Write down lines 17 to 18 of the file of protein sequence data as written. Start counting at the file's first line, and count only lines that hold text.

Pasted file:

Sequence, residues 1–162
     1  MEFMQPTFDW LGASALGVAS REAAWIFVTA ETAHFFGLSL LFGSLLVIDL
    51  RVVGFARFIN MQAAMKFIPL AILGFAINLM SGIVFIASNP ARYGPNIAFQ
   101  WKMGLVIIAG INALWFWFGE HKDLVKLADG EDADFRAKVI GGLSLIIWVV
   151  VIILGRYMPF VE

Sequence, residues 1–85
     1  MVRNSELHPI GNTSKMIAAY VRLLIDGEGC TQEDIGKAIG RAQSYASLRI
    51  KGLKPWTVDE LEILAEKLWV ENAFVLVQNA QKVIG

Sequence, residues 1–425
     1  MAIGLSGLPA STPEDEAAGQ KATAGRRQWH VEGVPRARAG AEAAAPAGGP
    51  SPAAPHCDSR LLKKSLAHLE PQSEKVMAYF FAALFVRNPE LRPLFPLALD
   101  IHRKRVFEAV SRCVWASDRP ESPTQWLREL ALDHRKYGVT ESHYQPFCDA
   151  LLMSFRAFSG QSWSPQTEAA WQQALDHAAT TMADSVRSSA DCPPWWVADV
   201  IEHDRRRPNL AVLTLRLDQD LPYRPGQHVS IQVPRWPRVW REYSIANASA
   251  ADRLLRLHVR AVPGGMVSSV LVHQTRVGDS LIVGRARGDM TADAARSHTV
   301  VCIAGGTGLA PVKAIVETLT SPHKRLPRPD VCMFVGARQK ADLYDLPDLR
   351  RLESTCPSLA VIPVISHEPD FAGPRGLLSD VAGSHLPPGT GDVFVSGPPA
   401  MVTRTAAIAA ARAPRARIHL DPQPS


   351  RLESTCPSLA VIPVISHEPD FAGPRGLLSD VAGSHLPPGT GDVFVSGPPA
   401  MVTRTAAIAA ARAPRARIHL DPQPS